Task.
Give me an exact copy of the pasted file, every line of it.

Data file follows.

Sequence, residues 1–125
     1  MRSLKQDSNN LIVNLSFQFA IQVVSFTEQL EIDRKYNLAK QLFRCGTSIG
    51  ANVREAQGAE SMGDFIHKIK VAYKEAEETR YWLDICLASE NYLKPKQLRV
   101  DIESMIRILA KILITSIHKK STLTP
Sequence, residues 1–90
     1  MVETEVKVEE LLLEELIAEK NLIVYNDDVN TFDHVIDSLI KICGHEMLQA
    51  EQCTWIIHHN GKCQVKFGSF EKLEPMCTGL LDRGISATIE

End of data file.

Sequence, residues 1–125
     1  MRSLKQDSNN LIVNLSFQFA IQVVSFTEQL EIDRKYNLAK QLFRCGTSIG
    51  ANVREAQGAE SMGDFIHKIK VAYKEAEETR YWLDICLASE NYLKPKQLRV
   101  DIESMIRILA KILITSIHKK STLTP
Sequence, residues 1–90
     1  MVETEVKVEE LLLEELIAEK NLIVYNDDVN TFDHVIDSLI KICGHEMLQA
    51  EQCTWIIHHN GKCQVKFGSF EKLEPMCTGL LDRGISATIE